NARATHIWAT, Thailand—Marines fending off a major militant assault on their base in Thailand's violent south killed 16 insurgents in an overnight shootout, authorities said Wednesday. It was the deadliest toll the Muslim guerrillas suffered since more than 100 died in a single day nearly a decade ago.

About 50 militants wearing military-style uniforms attacked the marine corps base in Bacho district in Narathiwat province just after midnight Wednesday, said Capt. Somkiat Ponprayun, the provincial marine corps special task force chief.

The shootout ended with 16 militants killed and the rest fleeing, Somkiat said. The death toll was reduced from the initial figure of 19 given out earlier Wednesday by regional army spokesman Col. Pramote Promin.

Somkiat said soldiers who fended off the attack suffered no casualties. He said the marines had been tipped off by the locals and warned of the assault.

Fighting in Thailand's three southernmost provinces has occurred on a near daily basis since the insurgency flared anew in 2004, and more than 5,000 people have been killed. Security forces, as well as teachers, have been targeted by insurgents because they are seen as representatives of the government.

Muslims in the deep south, a Muslim-majority region in the Buddhist-dominated country that was once independent, have long complained of discrimination by the central government in Bangkok, and the insurgents are thought to be fighting for autonomy.


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But the insurgency itself remains murky, with militants making no public pronouncements on their goals.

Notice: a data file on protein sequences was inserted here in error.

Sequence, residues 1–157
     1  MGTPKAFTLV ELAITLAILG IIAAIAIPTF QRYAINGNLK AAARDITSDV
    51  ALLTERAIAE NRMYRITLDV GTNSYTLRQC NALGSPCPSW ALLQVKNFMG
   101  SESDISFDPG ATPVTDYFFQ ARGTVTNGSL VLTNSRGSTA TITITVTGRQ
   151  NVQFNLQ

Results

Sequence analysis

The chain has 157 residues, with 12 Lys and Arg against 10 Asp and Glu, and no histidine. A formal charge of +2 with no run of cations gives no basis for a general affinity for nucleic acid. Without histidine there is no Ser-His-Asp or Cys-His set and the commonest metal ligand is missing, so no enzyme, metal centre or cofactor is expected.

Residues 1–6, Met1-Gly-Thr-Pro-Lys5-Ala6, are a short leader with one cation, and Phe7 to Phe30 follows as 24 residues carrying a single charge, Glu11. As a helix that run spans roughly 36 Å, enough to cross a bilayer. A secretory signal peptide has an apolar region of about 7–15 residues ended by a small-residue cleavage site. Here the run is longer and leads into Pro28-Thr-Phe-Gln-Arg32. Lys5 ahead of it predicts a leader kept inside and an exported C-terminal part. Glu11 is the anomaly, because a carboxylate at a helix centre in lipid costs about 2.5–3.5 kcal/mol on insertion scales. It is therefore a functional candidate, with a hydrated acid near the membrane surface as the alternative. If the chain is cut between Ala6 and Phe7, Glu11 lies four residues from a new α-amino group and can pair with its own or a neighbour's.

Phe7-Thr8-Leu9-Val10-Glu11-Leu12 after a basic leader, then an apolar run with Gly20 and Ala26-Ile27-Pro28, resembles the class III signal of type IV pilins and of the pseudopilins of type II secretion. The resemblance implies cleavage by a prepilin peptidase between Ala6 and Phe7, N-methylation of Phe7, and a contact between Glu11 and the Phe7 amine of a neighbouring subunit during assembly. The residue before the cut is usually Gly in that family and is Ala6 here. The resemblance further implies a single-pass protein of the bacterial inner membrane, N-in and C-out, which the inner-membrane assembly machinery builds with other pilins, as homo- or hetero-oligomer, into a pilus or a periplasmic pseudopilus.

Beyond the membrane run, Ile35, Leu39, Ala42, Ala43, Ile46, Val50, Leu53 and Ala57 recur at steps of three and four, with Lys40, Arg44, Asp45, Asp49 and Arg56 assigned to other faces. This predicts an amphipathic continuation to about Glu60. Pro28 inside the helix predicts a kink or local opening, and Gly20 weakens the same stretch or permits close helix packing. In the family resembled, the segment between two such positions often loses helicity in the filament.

The losses Wednesday were the most since guerrillas launched simultaneous attacks on police stations and checkpoints in the three provinces in April 2004, triggering clashes in which more than 100 militants were killed, 32 of them at the Kreu-Sae mosque in Pattani where they were holed up.

Cmdr. Thammanoon Wanna, who oversees the marine corps base, said the troops had braced for Wednesday's assault after authorities discovered a sketch that mapped out the insurgents' plans on a militant who was shot dead in recent days.

Regional army commander Lt. Gen. Udomchai Thammasaroraj said in an interview on ThaiPBS channel that the army has declared a curfew for the area within 5 kilometers (3 miles) of the base for Wednesday night into Thursday.

"The insurgents were uplifted because of a surge in their successful attacks in recent weeks, so this is a significant loss on their side," said Sunai Phasuk, a Bangkok-based researcher for Human Rights Watch. "From now, authorities will certainly have to be very concerned about their retaliation."

On Sunday, suspected militants killed five soldiers and wounded five others in two attacks that included a car bomb blast in Yala province that was detonated as a truck carrying six soldiers passed. The militants then opened fire on the soldiers, killing five of them, and took away the dead soldiers' rifles.

Officials from security agencies are scheduled to meet Friday to discuss safety measures for the southernmost provinces.

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Associated Press writer Thanyarat Doksone contributed to this report from Bangkok.